Wednesday, August 28, 2013

The Grapes of Wrath by John Steinbeck

The Grapes of Wrath, first published in 1939, is said to be John Steinbeck's greatest masterpiece. At the time, this book caused so much controversy that it was banned and even burned in some places due to its telling nature of what life was like for the poor migrant workers in California. The rich farmers were portrayed as greedy and ruthless and the government was portrayed as protective only of the interests of the wealthy and not of those of the poor. People thought this book to be inaccurate and overdramatized, but it was mostly the members of the Farmers Association of California who felt that way, go figure.

The main characters of the story are the Joads, a fictional family from Oklahoma forced to leave behind all they know because of the dust bowl of the 1930's. Like countless other families of that era, they go seek out the advertised opportunities of the promised land of California and journey across the country, but instead of finding work and a better life they only find "Okie" hatred, prejudice, and injustice.

"They were hungry, and they were fierce. And they had hoped to find a home, and they found only hatred. Okies—the owners hated them because the owners knew they were soft and the Okies strong, that they were fed and the Okies hungry; and perhaps the owners had heard from their grandfathers how easy it is to steal land from a soft man if you are fierce and hungry and armed. The owners hated them. And in the towns the storekeepers hated them because they had no money to spend. There is no shorter path to a storekeeper's contempt, and all his admirations are exactly opposite. The town men, little bankers, hated Okies because there was nothing to gain from them. They had nothing. And the laboring people hated Okies because a hungry man must work, and if he must work, if he has to work, the wage payer automatically gives him less for his work; and then no one can get more." Steinbeck, John. (1939). “The Grapes of Wrath.” Penguin Books; page 233.

I started reading this book a few years ago and had the hardest time getting into it. I wanted to give up on it more than just a few times, but as a Californian and more specifically, a Steinbeck country native, I feel it is my duty to read all Steinbeck literature. If not I would be like an Englishman never reading Shakespeare or a Spaniard never reading Cervantes and that simply cannot be. So instead of giving up on the book completely, I'd read as much as I could handle then put the book down.....for a month or two.

Eventually I would get to like the book and then love the book. When I got almost half way through it I started feeling like I was really getting to know the Joads (it's hard to keep the characters straight because there's so many) and I felt for them as they struggled every day to stay afloat; I admired their optimism about all the wonderful opportunities that were awaiting them in California (or so they thought); and I was terrified for them as they were nearing California because I had the sneaking suspicion that they were going to have to endure a lot of hardship in this dream land where they did not know they were not wanted; and lastly their courage to keep going after all the bad things that happen to them was very inspiring.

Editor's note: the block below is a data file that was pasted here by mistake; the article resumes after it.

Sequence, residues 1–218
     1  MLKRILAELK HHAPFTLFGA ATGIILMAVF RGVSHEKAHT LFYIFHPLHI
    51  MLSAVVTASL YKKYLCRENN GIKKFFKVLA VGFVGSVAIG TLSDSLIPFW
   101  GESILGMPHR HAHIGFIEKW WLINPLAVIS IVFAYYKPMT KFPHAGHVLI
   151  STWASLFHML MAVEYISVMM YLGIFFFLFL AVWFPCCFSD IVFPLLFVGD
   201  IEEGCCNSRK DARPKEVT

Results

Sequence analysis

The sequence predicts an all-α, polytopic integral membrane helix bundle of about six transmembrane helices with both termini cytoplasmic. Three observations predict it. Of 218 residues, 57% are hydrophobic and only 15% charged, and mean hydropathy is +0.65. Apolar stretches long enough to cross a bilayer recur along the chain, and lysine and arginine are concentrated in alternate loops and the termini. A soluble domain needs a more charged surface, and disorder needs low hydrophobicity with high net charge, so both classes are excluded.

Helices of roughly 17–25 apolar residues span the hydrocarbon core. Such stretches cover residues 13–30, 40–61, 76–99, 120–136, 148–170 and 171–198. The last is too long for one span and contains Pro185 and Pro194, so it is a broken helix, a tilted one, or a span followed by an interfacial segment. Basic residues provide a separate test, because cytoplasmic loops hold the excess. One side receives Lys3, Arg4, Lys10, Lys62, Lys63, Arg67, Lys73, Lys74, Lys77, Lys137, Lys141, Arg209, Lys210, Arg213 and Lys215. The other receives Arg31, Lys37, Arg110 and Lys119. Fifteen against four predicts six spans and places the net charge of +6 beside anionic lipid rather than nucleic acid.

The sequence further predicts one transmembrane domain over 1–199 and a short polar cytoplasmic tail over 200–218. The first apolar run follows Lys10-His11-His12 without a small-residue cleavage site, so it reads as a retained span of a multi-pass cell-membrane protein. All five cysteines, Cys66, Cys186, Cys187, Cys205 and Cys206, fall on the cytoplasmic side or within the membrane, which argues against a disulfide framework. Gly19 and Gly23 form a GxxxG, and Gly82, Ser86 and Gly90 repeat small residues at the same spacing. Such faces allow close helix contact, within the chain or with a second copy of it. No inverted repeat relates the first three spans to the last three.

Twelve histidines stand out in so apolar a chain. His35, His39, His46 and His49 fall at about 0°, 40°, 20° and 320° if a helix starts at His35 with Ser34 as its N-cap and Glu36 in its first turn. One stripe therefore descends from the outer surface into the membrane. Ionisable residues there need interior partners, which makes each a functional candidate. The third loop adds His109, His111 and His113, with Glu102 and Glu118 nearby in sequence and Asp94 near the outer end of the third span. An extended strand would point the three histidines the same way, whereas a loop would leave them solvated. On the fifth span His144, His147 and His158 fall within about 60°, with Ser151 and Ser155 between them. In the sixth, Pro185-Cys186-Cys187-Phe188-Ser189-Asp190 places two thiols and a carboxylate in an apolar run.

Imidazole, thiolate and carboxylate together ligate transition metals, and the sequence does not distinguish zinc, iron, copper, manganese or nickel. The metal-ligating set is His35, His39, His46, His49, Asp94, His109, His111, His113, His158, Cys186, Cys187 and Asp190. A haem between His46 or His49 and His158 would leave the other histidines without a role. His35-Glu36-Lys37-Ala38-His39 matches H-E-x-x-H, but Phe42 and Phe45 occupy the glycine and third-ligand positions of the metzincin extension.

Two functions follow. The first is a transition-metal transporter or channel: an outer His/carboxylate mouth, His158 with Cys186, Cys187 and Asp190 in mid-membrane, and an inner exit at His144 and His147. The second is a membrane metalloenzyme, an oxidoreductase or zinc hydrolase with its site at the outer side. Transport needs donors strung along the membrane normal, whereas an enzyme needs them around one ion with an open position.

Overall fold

I'm not gonna lie to you, this book is a little depressing, it does, after all, take place during this nation's great depression, but you become invested in the characters and you start rooting for them and hoping they achieve their dreams, which are the most basic of dreams, like finding their livelihood, a home to call their own, and their daily bread. My heart ached for the Joads as they suffered through the trials and tribulations of that time which included, but were not limited to poverty and displacement, illness, hunger, and even death. Worse yet, they had to do it all in an unknown land far where they were despised, from home.

Though it took me a while, I fell in love with the Joads and their story because despite all the horrible things that happen to them, they try to keep the family together as much as possible and not only that, they remain kind to one another and to perfect strangers. I was especially moved by the constant generosity the Joads and the other families in their situation gave one another despite having close to nothing.

"Learnin' it all a time, ever' day. If you're in trouble or hurt or need--go to poor people. They're the only ones that'll help--the only ones." Steinbeck, John. (1939). “The Grapes of Wrath.” Penguin Books; page 376.

I know this book is required reading at some high schools and colleges, but it wasn't for any of the schools I went to and I’m glad. I don’t think I would have appreciated it as much back then as I do now. I highly recommend this book. It is reminiscent of some of the issues going on today in our country and around the world (like immigration issues and social and economic inequalities among others). As a forewarning, I want to add that this book may stir up many different emotions, but if not, at the very least it will be a good history lesson and that in and of itself makes reading it worthwhile.

Until next time!